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‘We have done well despite controversies’

Baljit Singh Lalli, CEO of Prasar Bharti, is a 1971 batch IAS officer (Uttar Pradesh cadre). He took over as the head of the body in December 2006. He has made a lot of efforts to turn around the organisation which has had a history of problems including shortage of manpower. He talks about the recent controversy in an interview to Political Editor Pankaj Vohra.

india Updated: Jun 01, 2009, 01:16 IST
Pankaj Vohra
Pankaj Vohra
Hindustan Times

Prasar Bharati has been in the news recently, but for wrong reasons. What are your comments?

It is unfortunate that a needless controversy is being raised about the functioning of the Prasar Bharati Board, which has taken the focus away from what have been two excellent years for Prasar Bharati when a lot of forward movement has been registered on all fronts.

The root of the controversy lies in the desire of some functionaries to arrogate more powers to themselves than what has been envisaged under the Prasar Bharati statute.

Further, the timing and the remarkable simultaneous surfacing of a flurry of reports alleging something or the other in different papers and in letters to different functionaries in the government, including at the highest level have the clear signs of an organised effort by a group.

It is now evident that it was aimed at pre-empting the coming into effect of a change in the tenure of the CEO that had been brought about by Parliament in early 2008. The ministry had not issued the routine clarificatory communication about that which perhaps gave rise to a misplaced belief that it would be possible to put the roadblocks.

However, this entirely avoidable heat and dust raised by a few should not make one lose sight of the important point that over the last two years we have been able to generate a great sense of energy, purpose and professionalism in the wider organisation.

But there are allegations of financial mismanagement in the organisation and arbitrariness…

Look, Prasar Bharati is a large public organisation which is accountable to the people, Parliament and statutory bodies like C&AG and the CVC. All material decisions, financial or otherwise, are subject to close scrutiny. There is a rigorous external audit that is carried out by CAG, the apex Accounting watchdog in the country. What is remarkable is that even the so-called serious allegations do not in any way involve decision making at the highest level of the management. As you know, I have never stood for impropriety or wrongdoing. In my 40 years of service I have always taken strictest action against malfeasance of any kind.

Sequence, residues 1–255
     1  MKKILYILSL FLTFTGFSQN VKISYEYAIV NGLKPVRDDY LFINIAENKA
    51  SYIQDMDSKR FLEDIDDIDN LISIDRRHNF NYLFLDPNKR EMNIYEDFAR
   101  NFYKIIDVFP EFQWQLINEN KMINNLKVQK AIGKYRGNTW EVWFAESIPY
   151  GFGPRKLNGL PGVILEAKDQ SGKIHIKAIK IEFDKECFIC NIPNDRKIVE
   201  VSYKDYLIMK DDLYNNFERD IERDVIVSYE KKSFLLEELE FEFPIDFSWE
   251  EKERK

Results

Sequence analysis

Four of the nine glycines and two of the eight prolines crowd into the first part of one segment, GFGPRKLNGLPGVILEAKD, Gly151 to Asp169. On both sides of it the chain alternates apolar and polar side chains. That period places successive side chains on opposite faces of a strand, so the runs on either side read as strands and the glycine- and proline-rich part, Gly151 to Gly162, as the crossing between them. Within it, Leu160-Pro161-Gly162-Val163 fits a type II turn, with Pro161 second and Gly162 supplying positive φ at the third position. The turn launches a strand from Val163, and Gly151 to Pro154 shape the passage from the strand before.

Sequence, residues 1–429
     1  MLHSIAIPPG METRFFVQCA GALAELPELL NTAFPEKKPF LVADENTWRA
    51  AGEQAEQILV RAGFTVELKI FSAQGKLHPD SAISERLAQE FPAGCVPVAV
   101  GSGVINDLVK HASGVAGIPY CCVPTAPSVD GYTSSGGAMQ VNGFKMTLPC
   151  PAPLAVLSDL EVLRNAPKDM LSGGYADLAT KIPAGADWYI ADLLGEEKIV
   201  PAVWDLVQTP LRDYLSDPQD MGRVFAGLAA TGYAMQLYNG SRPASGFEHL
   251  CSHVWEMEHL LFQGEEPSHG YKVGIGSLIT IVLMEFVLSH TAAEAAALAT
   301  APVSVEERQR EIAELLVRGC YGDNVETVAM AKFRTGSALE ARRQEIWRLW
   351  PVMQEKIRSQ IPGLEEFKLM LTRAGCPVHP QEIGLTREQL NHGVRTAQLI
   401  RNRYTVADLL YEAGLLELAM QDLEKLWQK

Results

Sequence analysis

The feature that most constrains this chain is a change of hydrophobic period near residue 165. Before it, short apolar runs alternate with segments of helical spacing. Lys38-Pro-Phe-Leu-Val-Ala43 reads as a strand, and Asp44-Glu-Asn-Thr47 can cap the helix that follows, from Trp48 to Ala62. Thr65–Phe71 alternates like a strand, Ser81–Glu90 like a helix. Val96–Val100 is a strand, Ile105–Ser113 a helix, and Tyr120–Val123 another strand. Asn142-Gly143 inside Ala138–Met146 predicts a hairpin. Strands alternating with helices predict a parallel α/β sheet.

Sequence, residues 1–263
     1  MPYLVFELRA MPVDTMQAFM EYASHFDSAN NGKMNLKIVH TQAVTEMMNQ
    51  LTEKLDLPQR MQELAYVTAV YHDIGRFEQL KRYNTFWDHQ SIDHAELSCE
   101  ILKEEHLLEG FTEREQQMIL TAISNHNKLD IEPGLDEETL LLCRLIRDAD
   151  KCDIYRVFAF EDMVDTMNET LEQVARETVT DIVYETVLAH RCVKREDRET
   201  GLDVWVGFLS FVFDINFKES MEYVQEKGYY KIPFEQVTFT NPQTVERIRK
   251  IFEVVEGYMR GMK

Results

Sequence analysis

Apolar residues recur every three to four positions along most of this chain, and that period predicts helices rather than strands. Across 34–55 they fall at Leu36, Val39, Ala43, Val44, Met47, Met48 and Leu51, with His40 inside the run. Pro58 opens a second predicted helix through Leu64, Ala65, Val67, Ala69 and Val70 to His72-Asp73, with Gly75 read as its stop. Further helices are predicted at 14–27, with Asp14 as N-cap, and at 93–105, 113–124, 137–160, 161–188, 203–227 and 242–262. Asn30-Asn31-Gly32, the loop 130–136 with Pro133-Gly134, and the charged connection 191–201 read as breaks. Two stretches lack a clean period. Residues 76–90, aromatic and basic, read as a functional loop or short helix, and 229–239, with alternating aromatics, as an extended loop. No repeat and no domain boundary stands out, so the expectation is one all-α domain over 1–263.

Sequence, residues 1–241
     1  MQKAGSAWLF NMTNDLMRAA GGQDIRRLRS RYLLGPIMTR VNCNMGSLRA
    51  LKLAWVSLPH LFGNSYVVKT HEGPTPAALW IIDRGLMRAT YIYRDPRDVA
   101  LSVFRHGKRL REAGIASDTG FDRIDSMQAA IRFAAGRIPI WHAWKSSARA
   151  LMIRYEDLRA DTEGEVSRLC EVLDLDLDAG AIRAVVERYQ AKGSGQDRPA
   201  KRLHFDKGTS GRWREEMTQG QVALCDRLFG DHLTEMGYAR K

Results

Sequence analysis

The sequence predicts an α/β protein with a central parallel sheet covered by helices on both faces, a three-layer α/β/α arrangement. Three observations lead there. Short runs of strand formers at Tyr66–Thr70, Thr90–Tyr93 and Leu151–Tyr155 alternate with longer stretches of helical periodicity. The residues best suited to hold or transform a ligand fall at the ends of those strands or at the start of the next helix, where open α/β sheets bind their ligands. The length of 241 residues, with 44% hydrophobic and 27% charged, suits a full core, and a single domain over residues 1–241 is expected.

All this must be trying for you and for others in Prasar Bharati.

Yes, imposed negativity does sap one’s energy. But I have been long enough in public life to know that one cannot lose sight of the big picture. I have a job to do and cannot allow myself to be distracted by this motivated campaign of vilification. Of course, quite apart from how I coped with the situation, there is a larger question of Prasar Bharati as an organisation. What really concerns me is how this kind of mud-slinging is undermining the morale of the larger organisation.

Just a few days back I got a letter from NFADE, an umbrella organisation representing over 30,000 employees, voicing the dismay at the intrigues indulged in at the highest level of Prasar Bharati.

What is the road ahead?

One, to protect the pre-eminence of Prasar Bharati in the face of proliferation of private channels and to keep improving our visibility and our quality of content. Two, to keep pace with ever-emerging technological innovations and synergies, particularly in digitalisation. Three, to build on the new performance ethic by further inducting fresh talent.

And, finally, we have to focus on delivering a world class broadcast experience at the Commonwealth Games 2010.

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